From the mid-1980’s through mid-1990’s, a new type of worker evolved: The Knowledge Worker. The Knowledge Worker is the subject of lots of books– some of them even good- so I’m not going in depth into the social psychology of it all, but the Knowledge Worker was someone who was hired because of what they knew. It had little to do with aptitude or potential, but rather “We want to insert a square peg into a square hole, so let’s hire someone who can do it”. This was a vast departure from the traditional “We want to insert a square peg into a square hole, so let’s hire someone who could do it if they were trained”.
This was pre-to-primitive Internet, before you could pick the brains of millions of people, thousands of which probably know how to put square pegs in square holes. This is when no one was going to hold your hand and wipe your tears, you had to know how to do things. In the technology space, this meant you had to know how to do a lot of things. Some of us thrived in this era (although some of us wish we were born a bit earlier and could have thriven more) because we knew a lot about a lot of things. We were infinitely marketable, not because we could do things, but because we did things. Any pubescent teen with some Mountain Dew and the Internet can set up a mainframe with the help of a few thousand Internetters, but could they tear up an E6500 in a dark zone, where the only other electric-powered devices are fluorescent lights? Of course not.
Now I can hear the collective-thinkers out there rushing to defend their example-fodder brethren: After all, why shouldn’t anyone be allowed to do anything? Why should her accomplishment be any less impressive? After all, wasn’t the result the same?
Was it? Is the work done by someone who- even after they did the work- does not understand (and probably doesn’t even care) more or less valuable to an employer (and to the collective society) than the work done by someone who understood what they were doing? I know that’s a big sentence, and the collective-thinkers will need to create a new forum thread full of conjecture and group-think to fully understand it, so let me make it simple: Society needs people who do things more than people who can do things.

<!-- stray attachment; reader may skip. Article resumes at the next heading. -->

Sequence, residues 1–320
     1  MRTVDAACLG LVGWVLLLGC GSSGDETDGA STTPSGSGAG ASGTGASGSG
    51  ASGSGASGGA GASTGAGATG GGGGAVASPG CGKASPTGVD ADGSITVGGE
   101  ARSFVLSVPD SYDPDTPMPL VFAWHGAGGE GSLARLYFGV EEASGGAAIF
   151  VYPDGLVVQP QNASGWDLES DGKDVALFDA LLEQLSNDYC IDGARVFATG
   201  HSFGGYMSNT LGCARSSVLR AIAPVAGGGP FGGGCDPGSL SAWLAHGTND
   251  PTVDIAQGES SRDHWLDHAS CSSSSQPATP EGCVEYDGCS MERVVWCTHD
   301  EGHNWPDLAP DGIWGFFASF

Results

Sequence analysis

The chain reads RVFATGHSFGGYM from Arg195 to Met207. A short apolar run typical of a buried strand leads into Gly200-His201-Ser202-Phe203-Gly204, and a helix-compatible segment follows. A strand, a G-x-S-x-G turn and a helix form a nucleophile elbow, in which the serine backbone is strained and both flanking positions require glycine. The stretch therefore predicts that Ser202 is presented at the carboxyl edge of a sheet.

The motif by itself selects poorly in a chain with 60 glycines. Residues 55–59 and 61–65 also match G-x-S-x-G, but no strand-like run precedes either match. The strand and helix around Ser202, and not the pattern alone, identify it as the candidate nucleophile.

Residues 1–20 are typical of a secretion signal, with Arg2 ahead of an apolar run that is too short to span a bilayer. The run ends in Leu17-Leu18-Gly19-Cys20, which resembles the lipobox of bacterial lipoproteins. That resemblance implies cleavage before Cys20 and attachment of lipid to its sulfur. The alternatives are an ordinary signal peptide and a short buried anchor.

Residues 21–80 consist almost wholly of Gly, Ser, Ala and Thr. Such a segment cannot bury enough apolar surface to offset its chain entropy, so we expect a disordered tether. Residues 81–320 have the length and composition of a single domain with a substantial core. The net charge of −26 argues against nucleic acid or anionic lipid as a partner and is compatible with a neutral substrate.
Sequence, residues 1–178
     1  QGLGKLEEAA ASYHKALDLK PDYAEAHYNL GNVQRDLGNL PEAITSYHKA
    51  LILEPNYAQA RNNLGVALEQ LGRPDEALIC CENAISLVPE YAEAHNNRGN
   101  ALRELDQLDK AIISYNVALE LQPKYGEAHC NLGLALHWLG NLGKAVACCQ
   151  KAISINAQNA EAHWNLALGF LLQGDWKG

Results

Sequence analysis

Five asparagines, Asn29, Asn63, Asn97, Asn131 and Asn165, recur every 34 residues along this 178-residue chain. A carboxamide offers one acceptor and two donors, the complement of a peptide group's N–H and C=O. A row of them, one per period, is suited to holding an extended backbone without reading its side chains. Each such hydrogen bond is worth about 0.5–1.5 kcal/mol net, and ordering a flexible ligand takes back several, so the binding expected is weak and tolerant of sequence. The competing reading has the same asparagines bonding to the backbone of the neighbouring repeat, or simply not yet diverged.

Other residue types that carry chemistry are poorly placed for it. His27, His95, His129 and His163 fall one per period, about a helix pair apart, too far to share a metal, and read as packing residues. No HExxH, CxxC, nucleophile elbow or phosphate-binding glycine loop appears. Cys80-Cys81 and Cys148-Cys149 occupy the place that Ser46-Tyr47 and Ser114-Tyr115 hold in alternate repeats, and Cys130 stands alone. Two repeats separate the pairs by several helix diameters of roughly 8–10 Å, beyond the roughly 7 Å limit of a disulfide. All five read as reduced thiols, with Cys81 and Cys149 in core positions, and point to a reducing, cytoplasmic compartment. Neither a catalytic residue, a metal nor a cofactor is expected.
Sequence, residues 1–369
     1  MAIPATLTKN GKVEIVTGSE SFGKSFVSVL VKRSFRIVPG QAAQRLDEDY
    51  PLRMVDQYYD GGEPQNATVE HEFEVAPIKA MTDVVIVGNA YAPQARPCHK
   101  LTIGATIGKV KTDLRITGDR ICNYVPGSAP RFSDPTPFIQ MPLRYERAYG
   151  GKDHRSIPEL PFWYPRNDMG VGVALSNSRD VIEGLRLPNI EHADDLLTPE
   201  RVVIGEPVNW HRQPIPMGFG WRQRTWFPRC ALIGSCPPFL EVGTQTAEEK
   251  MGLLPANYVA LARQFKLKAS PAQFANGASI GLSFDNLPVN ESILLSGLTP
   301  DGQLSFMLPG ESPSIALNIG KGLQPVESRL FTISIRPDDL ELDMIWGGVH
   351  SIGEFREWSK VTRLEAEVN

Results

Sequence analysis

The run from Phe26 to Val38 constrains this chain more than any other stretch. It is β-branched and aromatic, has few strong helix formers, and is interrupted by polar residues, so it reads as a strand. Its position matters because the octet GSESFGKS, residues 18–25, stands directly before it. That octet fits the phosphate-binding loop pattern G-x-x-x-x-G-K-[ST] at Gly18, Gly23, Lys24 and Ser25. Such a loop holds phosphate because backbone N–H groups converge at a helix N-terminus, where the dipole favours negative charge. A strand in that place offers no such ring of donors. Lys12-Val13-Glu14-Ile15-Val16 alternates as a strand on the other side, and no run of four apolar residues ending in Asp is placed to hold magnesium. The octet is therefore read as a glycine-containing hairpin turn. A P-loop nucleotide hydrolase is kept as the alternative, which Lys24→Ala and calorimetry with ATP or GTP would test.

Perfect example: Medical doctors. I don’t know too many people who would go have surgery by someone who said “I’ve never done this before, but I googled it and I’m pretty sure I can do it.” Yes, the collective-thinkers will be upset because that is an extreme example that has life-or-death consequences, and isn’t appropriate when applied to Knowledge Workers.
Isn’t it? As a culture, a society, a workforce, if we are overrun with drones who don’t know how to do things; Who rest assured in their self-confidence believing that they know how to find how to do things. How will we move forward? How will we survive? It is a life-or-death issue of societal importance.
Working vs. Learning
Not long ago, I wrapped up a major four-position hiring consult with a client who wanted one quality software architect (high-level strategic thinkers who design large software systems) and three knowledge-worker-grade software engineers (the people who work with the aforementioned architect to produce product) who would oversee the existing sixteen-person software development staff. They were willing to pay more than the going rate for all of those positions- money was not an issue- and had applicant pools of 280 and 416 respectively: Two good engineers. That’s all they got. Not because the people didn’t look good on paper, it was because they couldn’t withstand the vetting questions: The architects couldn’t answer fundamental framework modelling questions. The engineers couldn’t answer object inheritance questions. While this may be over the heads of some people reading this, it damn well shouldn’t be for the people my client was attempting to hire. They didn’t know how to do their jobs. To my chagrin, some of the questions asked in the in-person finalist interviews were nearly identical to those asked in the phone interviews: They “knew” the answer on the phone (with a laptop in front of them) but not in person (and yes, nervousness was taken into account).